Contractor's Wooden Barracks. Oka River


The Oka River is a major western tributary of the Volga, which it enters at the city of Nizhnii Novgorod. The Oka is fed by the Moscow River, which joins it just south of Kolomna. Maintaining the river in a navigable state required a sizeable work force. This 1912 view shows large log barracks built by a labor contractor, apparently near the village of Beloomut in present-day Moscow Oblast. On the far left is an open shelter for meals, with a number of workers seated. On the right are stacks of firewood. Because of the great distances and dearth of good roads, river networks were critical for transportation in Russia since the early medieval period and they remained so in the 20th century. The image is by Russian photographer Sergei Mikhailovich Prokudin-Gorskii (1863–1944), who used a special color photography process to create a visual record of the Russian Empire in the early 20th century. Some of Prokudin-Gorskii’s photographs date from about 1905, but the bulk of his work is from between 1909 and 1915, when, with the support of Tsar Nicholas II and the Ministry of Transportation, he undertook extended trips through many parts of the empire. Although he photographed primarily along railways, much of Prokudin-Gorskii’s work for the ministry was also devoted to water transportation.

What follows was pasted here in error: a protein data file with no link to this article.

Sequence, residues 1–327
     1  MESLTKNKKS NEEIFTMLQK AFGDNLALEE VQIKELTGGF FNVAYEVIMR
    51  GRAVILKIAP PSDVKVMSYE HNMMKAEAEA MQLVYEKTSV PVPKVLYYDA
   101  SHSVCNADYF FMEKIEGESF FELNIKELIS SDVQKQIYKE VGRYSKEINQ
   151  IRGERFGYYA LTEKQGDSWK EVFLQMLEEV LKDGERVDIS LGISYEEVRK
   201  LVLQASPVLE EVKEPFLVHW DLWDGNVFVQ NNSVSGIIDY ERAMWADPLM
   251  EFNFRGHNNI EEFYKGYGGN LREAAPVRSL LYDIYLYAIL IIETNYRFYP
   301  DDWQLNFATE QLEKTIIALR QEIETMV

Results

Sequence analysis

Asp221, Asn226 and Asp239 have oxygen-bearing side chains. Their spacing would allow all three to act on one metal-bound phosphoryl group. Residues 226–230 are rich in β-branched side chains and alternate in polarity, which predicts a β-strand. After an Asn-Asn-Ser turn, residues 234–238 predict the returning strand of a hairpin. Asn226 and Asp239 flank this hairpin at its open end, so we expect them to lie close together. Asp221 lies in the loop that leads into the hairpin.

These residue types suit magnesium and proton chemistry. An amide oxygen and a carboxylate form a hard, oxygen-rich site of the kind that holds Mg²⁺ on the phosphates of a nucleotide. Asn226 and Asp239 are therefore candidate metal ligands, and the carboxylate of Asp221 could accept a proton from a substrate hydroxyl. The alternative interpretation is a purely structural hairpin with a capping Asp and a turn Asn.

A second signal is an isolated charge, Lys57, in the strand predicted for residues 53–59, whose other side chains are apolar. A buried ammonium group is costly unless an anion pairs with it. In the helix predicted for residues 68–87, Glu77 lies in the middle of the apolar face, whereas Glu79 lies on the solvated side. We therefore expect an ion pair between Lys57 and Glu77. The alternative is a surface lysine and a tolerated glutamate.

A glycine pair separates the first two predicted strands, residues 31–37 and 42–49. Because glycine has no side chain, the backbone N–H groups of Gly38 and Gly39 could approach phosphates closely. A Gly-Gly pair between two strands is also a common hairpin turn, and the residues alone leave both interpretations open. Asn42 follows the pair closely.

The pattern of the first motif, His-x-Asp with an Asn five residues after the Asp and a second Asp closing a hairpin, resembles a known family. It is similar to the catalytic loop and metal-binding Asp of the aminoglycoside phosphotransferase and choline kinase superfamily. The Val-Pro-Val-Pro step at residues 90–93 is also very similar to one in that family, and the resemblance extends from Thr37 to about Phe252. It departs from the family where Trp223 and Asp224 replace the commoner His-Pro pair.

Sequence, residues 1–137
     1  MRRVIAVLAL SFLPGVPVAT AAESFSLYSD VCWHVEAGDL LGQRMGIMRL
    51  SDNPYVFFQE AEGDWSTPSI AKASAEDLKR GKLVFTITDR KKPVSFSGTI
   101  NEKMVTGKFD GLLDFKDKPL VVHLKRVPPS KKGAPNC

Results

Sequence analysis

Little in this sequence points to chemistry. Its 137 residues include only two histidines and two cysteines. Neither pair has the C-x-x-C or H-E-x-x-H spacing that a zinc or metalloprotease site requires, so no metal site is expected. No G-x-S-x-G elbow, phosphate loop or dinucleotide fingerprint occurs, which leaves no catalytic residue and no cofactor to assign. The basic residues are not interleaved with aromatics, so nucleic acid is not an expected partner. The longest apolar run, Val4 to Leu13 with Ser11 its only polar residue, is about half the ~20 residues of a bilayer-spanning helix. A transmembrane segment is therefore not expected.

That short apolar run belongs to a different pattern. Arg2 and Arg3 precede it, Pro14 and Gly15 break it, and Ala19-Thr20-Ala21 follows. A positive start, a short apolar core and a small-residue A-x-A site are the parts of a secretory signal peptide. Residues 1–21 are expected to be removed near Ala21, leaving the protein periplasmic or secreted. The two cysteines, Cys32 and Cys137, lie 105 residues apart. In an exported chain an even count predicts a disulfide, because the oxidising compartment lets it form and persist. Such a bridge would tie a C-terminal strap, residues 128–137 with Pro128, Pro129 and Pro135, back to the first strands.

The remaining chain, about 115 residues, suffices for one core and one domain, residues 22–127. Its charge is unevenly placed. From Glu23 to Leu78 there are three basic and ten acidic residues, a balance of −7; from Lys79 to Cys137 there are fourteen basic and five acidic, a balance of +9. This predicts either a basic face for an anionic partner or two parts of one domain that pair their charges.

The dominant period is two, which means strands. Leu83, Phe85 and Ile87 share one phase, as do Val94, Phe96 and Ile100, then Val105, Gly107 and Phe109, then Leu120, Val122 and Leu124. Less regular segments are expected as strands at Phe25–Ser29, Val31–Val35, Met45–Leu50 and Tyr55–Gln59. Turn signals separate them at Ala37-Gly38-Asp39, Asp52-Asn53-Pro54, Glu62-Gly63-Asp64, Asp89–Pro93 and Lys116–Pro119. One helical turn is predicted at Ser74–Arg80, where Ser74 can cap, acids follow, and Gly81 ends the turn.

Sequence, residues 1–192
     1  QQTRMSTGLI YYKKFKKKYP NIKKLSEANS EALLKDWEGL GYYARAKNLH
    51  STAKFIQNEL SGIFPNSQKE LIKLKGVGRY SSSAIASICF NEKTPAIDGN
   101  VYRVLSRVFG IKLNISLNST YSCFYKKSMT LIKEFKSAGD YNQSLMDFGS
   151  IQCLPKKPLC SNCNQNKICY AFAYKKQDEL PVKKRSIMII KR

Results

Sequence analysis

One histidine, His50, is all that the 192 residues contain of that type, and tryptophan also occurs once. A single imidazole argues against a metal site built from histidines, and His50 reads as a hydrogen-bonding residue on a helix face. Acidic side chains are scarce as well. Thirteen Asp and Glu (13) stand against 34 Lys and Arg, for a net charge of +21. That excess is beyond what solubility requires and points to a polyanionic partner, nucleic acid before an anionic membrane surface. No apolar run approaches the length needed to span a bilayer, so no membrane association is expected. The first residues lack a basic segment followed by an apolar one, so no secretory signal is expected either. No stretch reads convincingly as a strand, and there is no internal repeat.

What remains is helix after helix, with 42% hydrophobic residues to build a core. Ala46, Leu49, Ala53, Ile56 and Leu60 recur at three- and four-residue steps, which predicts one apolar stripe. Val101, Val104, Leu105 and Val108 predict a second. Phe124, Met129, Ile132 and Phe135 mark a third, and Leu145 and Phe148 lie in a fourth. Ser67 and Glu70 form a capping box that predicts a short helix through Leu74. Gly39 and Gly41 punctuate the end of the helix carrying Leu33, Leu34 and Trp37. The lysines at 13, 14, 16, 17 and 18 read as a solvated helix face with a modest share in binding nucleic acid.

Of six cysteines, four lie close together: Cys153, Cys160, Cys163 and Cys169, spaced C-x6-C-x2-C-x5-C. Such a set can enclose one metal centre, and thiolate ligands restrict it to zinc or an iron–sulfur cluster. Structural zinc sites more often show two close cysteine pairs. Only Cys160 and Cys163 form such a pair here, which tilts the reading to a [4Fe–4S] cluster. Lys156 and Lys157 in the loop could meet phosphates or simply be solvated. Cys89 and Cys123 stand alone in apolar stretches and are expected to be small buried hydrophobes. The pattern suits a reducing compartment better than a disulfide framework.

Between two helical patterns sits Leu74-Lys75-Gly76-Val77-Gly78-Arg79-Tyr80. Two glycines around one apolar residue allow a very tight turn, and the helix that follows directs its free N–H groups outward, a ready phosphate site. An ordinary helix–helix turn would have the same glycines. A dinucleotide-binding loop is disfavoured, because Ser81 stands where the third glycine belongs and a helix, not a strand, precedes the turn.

Date Created

Subject Date

Title in Original Language

Бараки подрядчика. Река Ока

Type of Item

Physical Description

Glass negative (presented as a digital color composite)


  • Prokudin-Gorskii’s photographic work survives primarily in two forms: 1,901 black-and-white triple-frame glass plate negatives, made with color separation filters, which Prokudin-Gorskii used to make color prints and lantern slides; and 12 albums of sepia-tone prints, made from the glass negatives, which Prokudin-Gorskii compiled as a record of his travels and studies. The Library of Congress purchased the glass plate negatives and the albums from the Prokudin-Gorskii family in 1948. In 2004, the Library of Congress had digital color composites made from all the surviving glass negatives using a software algorithm to automatically align the color components. As with most historical photographs, title and subject identifications are corrected and enhanced through new research. Current information on the collection is at

Last updated: September 22, 2015